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Social media: Making Sure Your Prospects See Your Content
In a previous blog, we discussed how to reach out to new customers using content, in particular blogs but also things like how-to pieces, newsletters, and opinion articles on industry trends. Thoughtful articles like these can demonstrate your expertise, and serve to alert prospects that you have a solution that can help them address a concern or take their marketing to the next level.
But let’s face it, all the content you can produce won’t help much if your prospects never see or read it. Getting your expertise in front of the right eyeballs is what this post is about, and focusing on social media as a prime way to do it.
First, determine your target audience for social media, which may include the following potential customers and industry groups, among many:
- Sales and marketing executives, because of their need for sales collateral and marketing direct mail.
- Financial institutions, because they also rely on direct mail as well as flyers, brochures, wide-format bank branch signage, and official regulatory submissions, to name a few.
- Ad agencies, because their clients are within industries that use printed marketing, collateral, and signage materials.
- Health care institutions that rely on printed materials for customer support as well as regulatory compliance.
Next, determine your most effective social channels, which depend on the ones your target audiences follow. Test the readership success of your blogs on a variety of channels, and concentrate on the ones that have high readership, likes, and click-throughs to your other blogs and website.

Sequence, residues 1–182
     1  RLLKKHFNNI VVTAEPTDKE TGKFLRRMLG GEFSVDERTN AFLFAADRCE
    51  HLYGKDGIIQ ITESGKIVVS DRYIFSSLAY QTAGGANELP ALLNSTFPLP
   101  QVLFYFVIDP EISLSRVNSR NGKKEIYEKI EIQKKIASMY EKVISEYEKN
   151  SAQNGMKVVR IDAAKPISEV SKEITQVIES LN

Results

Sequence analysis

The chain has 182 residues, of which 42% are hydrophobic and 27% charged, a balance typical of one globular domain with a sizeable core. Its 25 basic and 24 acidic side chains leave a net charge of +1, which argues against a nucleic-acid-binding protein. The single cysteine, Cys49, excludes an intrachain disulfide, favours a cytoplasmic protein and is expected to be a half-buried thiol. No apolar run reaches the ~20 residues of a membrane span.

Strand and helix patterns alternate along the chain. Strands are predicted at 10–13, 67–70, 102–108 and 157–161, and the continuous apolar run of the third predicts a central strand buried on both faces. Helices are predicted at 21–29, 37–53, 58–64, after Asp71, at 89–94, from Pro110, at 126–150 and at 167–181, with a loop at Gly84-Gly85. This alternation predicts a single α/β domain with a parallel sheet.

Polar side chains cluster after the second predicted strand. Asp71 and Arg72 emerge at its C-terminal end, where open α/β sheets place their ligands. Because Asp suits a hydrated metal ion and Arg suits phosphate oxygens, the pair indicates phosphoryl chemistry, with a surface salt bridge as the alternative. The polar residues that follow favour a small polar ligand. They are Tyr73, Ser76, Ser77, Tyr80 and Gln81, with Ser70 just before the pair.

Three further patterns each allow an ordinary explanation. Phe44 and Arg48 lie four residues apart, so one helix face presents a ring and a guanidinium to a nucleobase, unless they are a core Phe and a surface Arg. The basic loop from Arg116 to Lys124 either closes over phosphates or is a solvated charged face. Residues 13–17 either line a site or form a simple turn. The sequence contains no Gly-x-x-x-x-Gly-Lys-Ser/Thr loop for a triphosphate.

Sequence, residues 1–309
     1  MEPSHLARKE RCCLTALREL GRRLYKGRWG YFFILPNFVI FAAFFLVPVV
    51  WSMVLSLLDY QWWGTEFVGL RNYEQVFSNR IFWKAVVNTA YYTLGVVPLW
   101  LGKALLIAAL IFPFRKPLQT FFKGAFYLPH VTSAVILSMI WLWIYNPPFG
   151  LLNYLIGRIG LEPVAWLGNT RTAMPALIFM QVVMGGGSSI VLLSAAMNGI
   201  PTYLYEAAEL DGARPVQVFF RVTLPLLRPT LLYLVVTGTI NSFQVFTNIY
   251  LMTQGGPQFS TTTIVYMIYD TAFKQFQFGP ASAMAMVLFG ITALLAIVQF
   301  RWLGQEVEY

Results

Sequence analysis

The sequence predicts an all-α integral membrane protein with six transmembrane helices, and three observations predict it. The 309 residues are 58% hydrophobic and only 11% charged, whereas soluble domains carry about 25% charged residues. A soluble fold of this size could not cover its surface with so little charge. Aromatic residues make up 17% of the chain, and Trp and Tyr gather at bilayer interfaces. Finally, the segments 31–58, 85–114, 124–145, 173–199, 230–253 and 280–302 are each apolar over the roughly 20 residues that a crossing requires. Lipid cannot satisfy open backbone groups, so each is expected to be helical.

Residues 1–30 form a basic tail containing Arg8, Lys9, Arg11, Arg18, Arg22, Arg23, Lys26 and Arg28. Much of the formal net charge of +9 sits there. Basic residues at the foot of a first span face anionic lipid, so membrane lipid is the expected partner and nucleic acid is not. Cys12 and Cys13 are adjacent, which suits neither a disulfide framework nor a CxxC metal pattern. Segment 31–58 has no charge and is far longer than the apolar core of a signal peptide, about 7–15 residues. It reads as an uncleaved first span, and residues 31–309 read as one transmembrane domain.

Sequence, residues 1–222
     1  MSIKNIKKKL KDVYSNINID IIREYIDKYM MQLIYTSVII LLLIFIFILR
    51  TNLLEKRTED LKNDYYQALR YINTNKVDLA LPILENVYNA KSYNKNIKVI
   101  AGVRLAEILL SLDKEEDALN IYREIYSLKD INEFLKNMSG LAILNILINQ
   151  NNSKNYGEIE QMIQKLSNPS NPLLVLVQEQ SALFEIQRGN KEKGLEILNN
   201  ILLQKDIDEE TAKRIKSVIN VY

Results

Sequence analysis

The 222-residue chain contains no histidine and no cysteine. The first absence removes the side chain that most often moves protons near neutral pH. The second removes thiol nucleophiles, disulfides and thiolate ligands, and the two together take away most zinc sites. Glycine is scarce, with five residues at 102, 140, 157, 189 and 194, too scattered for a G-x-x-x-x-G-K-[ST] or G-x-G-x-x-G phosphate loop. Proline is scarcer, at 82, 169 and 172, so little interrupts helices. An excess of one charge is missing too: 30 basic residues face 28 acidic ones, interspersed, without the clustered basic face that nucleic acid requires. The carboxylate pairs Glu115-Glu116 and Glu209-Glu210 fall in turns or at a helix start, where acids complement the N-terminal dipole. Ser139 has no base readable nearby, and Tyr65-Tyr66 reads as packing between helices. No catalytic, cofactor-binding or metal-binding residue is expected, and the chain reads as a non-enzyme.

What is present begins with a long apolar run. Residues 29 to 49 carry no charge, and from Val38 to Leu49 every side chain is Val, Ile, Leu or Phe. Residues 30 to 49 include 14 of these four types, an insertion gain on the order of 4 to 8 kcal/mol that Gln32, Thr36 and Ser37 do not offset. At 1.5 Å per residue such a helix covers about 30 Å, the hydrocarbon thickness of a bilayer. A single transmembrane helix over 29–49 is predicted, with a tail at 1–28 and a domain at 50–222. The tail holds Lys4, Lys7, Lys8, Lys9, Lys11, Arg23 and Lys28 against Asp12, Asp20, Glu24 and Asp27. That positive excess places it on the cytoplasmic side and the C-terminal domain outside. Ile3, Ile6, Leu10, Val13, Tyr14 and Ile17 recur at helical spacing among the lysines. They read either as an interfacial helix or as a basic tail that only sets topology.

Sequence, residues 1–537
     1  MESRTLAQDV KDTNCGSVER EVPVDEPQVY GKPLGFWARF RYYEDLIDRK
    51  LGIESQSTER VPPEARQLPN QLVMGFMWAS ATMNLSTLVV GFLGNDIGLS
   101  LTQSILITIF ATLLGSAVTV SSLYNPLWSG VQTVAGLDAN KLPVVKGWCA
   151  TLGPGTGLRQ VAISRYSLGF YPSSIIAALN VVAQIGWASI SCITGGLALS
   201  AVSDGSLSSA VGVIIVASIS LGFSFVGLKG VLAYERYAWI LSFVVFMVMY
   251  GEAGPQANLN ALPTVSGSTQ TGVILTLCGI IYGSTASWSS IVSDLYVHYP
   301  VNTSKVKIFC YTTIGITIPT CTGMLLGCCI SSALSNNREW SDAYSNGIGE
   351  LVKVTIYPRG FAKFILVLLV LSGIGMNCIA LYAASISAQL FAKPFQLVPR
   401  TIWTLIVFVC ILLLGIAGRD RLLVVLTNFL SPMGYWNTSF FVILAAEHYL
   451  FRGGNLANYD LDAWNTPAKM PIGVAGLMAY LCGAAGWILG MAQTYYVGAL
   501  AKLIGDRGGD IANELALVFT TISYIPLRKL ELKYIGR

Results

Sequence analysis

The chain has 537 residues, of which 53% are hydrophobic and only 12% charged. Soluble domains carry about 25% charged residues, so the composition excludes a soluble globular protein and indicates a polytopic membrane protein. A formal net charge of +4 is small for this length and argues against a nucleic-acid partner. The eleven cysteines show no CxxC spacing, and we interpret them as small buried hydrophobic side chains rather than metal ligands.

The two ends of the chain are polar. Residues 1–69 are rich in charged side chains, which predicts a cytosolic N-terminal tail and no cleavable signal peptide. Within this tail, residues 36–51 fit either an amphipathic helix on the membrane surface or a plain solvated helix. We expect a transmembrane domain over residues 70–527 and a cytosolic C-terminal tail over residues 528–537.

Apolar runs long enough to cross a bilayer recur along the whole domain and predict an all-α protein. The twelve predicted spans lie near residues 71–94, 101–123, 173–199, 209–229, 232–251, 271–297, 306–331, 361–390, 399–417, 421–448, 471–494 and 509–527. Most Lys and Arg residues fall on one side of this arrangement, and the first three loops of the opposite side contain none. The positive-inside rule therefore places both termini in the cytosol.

Consider the following:
- LinkedIn. The essential thing about LinkedIn is that you can target your prospects by job title, industry, and more. But instead of searching for people, search for specific LinkedIn Groups, which can be great places to post your content in front of members with specific interest in printed materials. Search for groups that are aligned with your key prospect industries, those we’ve mentioned above and others you’re targeting. Then, start sharing your content specifically aimed at group members. In addition, engage with other people’s posts, building your credibility. Here is a handy overview of getting started with LinkedIn Groups.
- Facebook. Like LinkedIn Groups, Facebook Groups are for people with common interests. Post your blog entries in any of the industry groups you pick, as with LinkedIn. And remember that Facebook Group members ask lots of questions. When you notice a question that’s up your alley, answer it to demonstrate your expertise, and share one of your most helpful blogs on the topic as well.
- Instagram and Pinterest. Because you have great examples of your work to share, consider dipping your toe into these image-intensive social sites.
Start modestly, working with one of these social channels on a consistent basis, then expand your content distribution to other platforms where you’re confident that your target industries are significant participants. Make sure to measure the impact of your social postings as much as possible, in particular as they align with your goals, such as awareness, visits to your website, or gaining advocates and fans. That will provide good insight into a particular channel’s effectiveness, and which content performs better than others. Here is a good overview of social media measurement.
While we’ve focused on “organic” marketing here — that is, sharing your helpful blog posts with like-minded social members — these platforms also offer advertising opportunities. As your content marketing gains traction and proven results come in, consider gaining even more prominent, targeted exposure with well-placed and timed social ads. Here is a good LinkedIn primer on paid ads.
Christopher Hosford is editor at large for Target Marketing. Former editor-in-chief of Nielsen’s Sales & Marketing Management magazine, he’s covered all aspects of sales, marketing, and cutting-edge marketing technologies.